The Coronal Structure of the Sun‐Like Exoplanet‐ Host GJ 3021 - Alvarado-Gomez

CHAIR: F. Menard

Inferring condensate structures in ultracool dwarfs using linear polarimetry - Miles‐Páez

Linear line spectropolarimetry and circumstellar structures – Vink

Modeling AB Aurigae's Envelope – Lomax

Diagnosing the SEEDS of Planet Formation – Wisniewski

CARMA observations of magnetic fields in star‐forming filaments – Hull

Magnetic field structure in star‐forming regions – Chakali

On the Peculiarities of Manifestation of kG Magnetic Elements in Observations of the Sun with Low Spatial Resolution – Demidov

SESSION 9: Polarimetry as a Tool for Discovery Science – I

CHAIR: M. Mishchenko

High contrast imaging of circumstellar disks in scattered light: the polarimetric approach of VLT/SHPERE – de Boer

INVITED: Polarization Biosignatures of Planet Earth – Sterzik

Polarimetry: a primary tool for the physical characterization of the Asteroids – Cellino

Spectro-polarimetry: a new tool for the physical characterization of asteroids – Bagnulo

Friday 5 December

SESSION 10: Polarimetry as a Tool for Discovery Science - II

CHAIR: S. Bagnulo

Polarimetry as a tool to find and study habitable planets orbiting white dwarfs – Fossati

Stellar magnetic activity and its influence on the habitability of exoplanets – Lueftinger

Polarimetric detection of dust in the candidate disintegrating planet KIC1255754 8b – Palle

SESSION 11: Numerical Modeling of Polarized Emission

CHAIR: M. Faurobert

INVITED: On the importance of partial frequency redistribution in modeling the scattering polarization – Nagendra

INVITED: Three-dimensional simulations of Scattering Polarization and the Hanle Effect in MHD Chromospheric Models – Stepan (missing)

INVITED: Modeling of Polarized Emission and Absorption from Protoplanetary Disks – Menard

The impact of surface dynamo magnetic fields on the chemical abundance determination – Shchukina

 

Poster Group A and Poster Group B

A1: Analytical modeling of thirty meter telescope polarization – Anche

A2: The importance of non ‐ photon noise in astronomical spectro‐polarimetry – Bagnulo

A3: Polima‐2: A dual‐beam imaging polarimeter for the San Pedro Martir National Observatory – Bermúdez Bustamante

A4: Theoretical polarization spectrum of Na I D1 & D2 near the solar limb – Bommier

A5: The Chromosphere and Prominence Magnetometer – de Wijn

A6: An electronic inverter of the radiative transfer equation for polarized light – del Toro Iniesta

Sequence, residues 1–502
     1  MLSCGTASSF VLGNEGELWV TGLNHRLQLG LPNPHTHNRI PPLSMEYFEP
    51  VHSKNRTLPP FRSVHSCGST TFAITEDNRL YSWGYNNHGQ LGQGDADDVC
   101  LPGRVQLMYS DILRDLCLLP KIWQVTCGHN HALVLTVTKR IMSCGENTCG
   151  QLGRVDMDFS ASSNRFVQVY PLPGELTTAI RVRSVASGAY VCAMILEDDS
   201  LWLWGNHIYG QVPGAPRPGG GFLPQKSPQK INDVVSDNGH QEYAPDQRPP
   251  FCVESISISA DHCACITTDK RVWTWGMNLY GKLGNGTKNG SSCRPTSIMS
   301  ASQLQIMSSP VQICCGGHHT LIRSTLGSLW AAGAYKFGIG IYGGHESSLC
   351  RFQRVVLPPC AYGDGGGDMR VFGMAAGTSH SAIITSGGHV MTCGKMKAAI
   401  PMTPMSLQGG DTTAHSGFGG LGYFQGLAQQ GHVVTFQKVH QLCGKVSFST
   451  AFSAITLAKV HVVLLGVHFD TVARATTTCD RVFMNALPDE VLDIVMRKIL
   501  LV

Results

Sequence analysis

A7: On the cross‐ calibration of the Hsos Smat full disk longitudinal magnetograms with data sets from other instruments – Demidov

A8: Digital radar in Costa Rica. design, tools and results – Garbanzo-Salas

A9: Design of full Stokes polarimeter for chromospheric measurements with SOLIS/VSM – Gosain

A10: Solar full‐disk polarization measurement with the Fe I 15648 line – Hanaoka

A11: A simple low‐resolution spectropolarimeter for Zeeman measurements of stellar magnetic fields – Hiriart

A12: Cyclic variation of internetwork magnetic fields – Jin (Canceled)

A13: Paschen‐Back effect involving fine and hyperfine structure states – Krishnamurthy (Presenter: Nagendra)

A14: Measurement of seeing induced spurious polarization – Krishnappa

A15: Unresolved mixed polarity magnetic fields at flux cancellation site in solar photosphere at 0”.3 spatial resolution – Kubo

A16: Optical and near-infrared linear polarimetry of low mass stars, brown dwarfs – Miles‐Páez

A17: The DAO liquid crystal spectropolarimeter dimaPol – Monin

A18: A revisit to model the Cr I triplet at 5204‐5208 A and Ba II D_2 line at 4554 A in the second solar spectrum – Narayanamurthy (Presenter: Nagendra)

A19: Magnetic field configuration in a flaring active region: emerging and shear regions – Palacios

A20: Waves and Magnetism in the Solar Atmosphere (WAMIS) – Strachan

A21: Inferring magnetic and plasma properties at multiple heights in the Sun's atmosphere with IBIS data – Tarr (Metcalf Travel Award Recipient )

A22: Parallelization of the SIR code for the investigation of small‐ scale magnetic features in the solar photosphere – Thonhofer

A23: Spectrograph for the Brazilian Solar Telescope – Vieira (presenter: Palacios)

A24: Performance Measurement of LCVR From Meadowlark Company – Wang (Canceled)